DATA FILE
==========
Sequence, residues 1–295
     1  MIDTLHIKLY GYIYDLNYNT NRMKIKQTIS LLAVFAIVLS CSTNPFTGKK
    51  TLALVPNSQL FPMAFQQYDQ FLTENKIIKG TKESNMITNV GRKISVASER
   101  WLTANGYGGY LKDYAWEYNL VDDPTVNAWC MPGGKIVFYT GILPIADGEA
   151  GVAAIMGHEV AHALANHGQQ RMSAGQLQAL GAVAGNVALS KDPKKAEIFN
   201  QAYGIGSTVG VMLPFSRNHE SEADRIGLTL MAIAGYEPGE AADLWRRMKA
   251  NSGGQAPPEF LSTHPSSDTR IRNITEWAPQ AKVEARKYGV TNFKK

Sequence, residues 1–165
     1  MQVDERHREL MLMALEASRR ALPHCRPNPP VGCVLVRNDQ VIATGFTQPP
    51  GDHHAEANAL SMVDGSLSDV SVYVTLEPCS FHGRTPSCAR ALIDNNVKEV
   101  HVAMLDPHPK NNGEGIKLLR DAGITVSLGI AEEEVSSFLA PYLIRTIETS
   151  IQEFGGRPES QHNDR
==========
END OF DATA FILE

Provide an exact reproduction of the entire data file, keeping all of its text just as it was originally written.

Sequence, residues 1–295
     1  MIDTLHIKLY GYIYDLNYNT NRMKIKQTIS LLAVFAIVLS CSTNPFTGKK
    51  TLALVPNSQL FPMAFQQYDQ FLTENKIIKG TKESNMITNV GRKISVASER
   101  WLTANGYGGY LKDYAWEYNL VDDPTVNAWC MPGGKIVFYT GILPIADGEA
   151  GVAAIMGHEV AHALANHGQQ RMSAGQLQAL GAVAGNVALS KDPKKAEIFN
   201  QAYGIGSTVG VMLPFSRNHE SEADRIGLTL MAIAGYEPGE AADLWRRMKA
   251  NSGGQAPPEF LSTHPSSDTR IRNITEWAPQ AKVEARKYGV TNFKK

Sequence, residues 1–165
     1  MQVDERHREL MLMALEASRR ALPHCRPNPP VGCVLVRNDQ VIATGFTQPP
    51  GDHHAEANAL SMVDGSLSDV SVYVTLEPCS FHGRTPSCAR ALIDNNVKEV
   101  HVAMLDPHPK NNGEGIKLLR DAGITVSLGI AEEEVSSFLA PYLIRTIETS
   151  IQEFGGRPES QHNDR